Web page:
Monday, November 1, 2010

Gaps in American Education

Strong relationships are the foundation of a healthy education. In order for a child to be successful in school, they must be inspired and encouraged to do so. This evening I attended a lecture on “Social Justice in Education” by a delightfully eloquent Dr. Pedro Noguera. This man has focused his life into improving the quality of education of underprivileged children. He said that the quality of a child’s education was based exclusively on his or her family’s income and the level of his or her parent’s education. He said that the only thing that enabled him to go to Brown University was ‘luck’. He doesn’t have a larger mental capacity, but he was born into a family that was wealthy enough to pay for proper education. The biggest issue in America’s education today is poverty. While wealthy children are given an abundance of great opportunities, poor children need to find incentive to gain an education. Wealthy kids with learning disabilities are given the tools they need to become great in an accepting environment. On the other hand, poor children with the same problems run the risk of becoming failures if they resist help. Without a proper education, financial support, and family guidance, these people are faced with the dangers of poverty. Some are involved with drugs just to provide for themselves and their families. They may end up behind bars because their teachers didn’t care enough to encourage them.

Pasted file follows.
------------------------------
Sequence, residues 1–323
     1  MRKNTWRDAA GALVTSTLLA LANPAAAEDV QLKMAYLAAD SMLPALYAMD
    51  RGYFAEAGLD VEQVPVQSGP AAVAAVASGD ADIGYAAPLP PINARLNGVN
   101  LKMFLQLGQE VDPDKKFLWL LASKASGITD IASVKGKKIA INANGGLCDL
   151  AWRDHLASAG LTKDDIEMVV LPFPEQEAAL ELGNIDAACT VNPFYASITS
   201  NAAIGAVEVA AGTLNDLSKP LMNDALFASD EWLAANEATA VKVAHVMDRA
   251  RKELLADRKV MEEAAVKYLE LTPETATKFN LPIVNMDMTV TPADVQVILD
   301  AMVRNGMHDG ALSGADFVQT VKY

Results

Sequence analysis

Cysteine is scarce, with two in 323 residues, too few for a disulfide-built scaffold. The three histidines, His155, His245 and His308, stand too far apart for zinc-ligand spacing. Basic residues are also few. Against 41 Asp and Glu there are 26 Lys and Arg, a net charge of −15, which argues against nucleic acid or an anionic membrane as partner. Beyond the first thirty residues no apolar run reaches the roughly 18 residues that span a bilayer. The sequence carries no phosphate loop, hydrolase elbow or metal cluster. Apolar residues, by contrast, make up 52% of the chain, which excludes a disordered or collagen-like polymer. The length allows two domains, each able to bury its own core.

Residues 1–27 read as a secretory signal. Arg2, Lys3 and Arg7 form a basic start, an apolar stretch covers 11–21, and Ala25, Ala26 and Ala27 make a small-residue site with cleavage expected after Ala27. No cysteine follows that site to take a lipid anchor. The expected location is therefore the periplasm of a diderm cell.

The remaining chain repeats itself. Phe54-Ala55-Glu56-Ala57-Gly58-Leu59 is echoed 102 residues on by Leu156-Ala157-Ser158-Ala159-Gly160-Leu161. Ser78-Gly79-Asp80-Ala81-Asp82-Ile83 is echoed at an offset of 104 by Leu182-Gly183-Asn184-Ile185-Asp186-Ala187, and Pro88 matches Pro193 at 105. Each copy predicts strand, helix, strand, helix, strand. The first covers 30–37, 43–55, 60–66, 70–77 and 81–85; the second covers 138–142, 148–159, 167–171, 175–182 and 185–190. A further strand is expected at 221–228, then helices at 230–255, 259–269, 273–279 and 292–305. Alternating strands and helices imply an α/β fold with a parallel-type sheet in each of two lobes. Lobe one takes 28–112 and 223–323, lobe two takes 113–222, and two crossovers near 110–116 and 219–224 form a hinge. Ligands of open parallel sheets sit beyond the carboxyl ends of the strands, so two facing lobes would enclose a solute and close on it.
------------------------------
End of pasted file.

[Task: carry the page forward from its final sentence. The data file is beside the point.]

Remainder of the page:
Throughout this inspirational speech, Dr. Noguera urged everyone to take action and not just speak or write about progress of school districts. He proved that it is possible with the examples of the “Cinderella story” schools. These schools are located in poor cities with poor inhabitants. A school district with these characteristics is destined to fail. As I said earlier, poverty is the most prominent educational issue in America. 1 in 5 American children are below the poverty line. Quite a shocking statistic coming from the richest country in the world. Dr. Noguera addressed this problem by adding that not only is there an opportunity gap, but also an allocation gap. The U.S. is spending too much money on wealthy children’s education and not nearly enough on the poor. The schools who have the lowest quality of education are also the ones who teach the poorest children. These are the institutions that face the greatest challenges and have many needs that are usually disregarded. Governors try to improve education by threatening teachers or shutting down schools that don’t meet their “standards”. They put up a facade of these idealistic policies but they do not address the reality of the situation. Dr. Noguera stressed the importance of learning over testing. Some schools only prepare their students for tests that affect the image of the school. They should be providing the students with an education that will lead to the students’ success in the future.

Dr. Noguera stressed that devoted teachers are a necessary part to improve the education issue. The children need strong guidance and leadership. This reminded me of Bharati Mukherjee’s “A Father”. In the story, Mr. Bhowmick, idealizes a patriarchal family yet he is unable to be the leader of his family. Because of this, his family erupted into turmoil at the end when his daughter revealed her pregnancy. He did not have a close relationship with either his wife or daughter. Just like schools need teachers to guide their students, families need parents to guide their children. Without these relationships, they are both unable to grow and prosper.

Towards the end of his speech, Dr. Pedro Noguera said, “I’m an optimist, but I’m not a naive optimist.” He knows improvement of America’s school systems is not going to happen all at once. Baltimore has some of the worst school districts in the United States. He believes we have the capacity and resources to create great schools; we just need the will power and fervor to make it happen.

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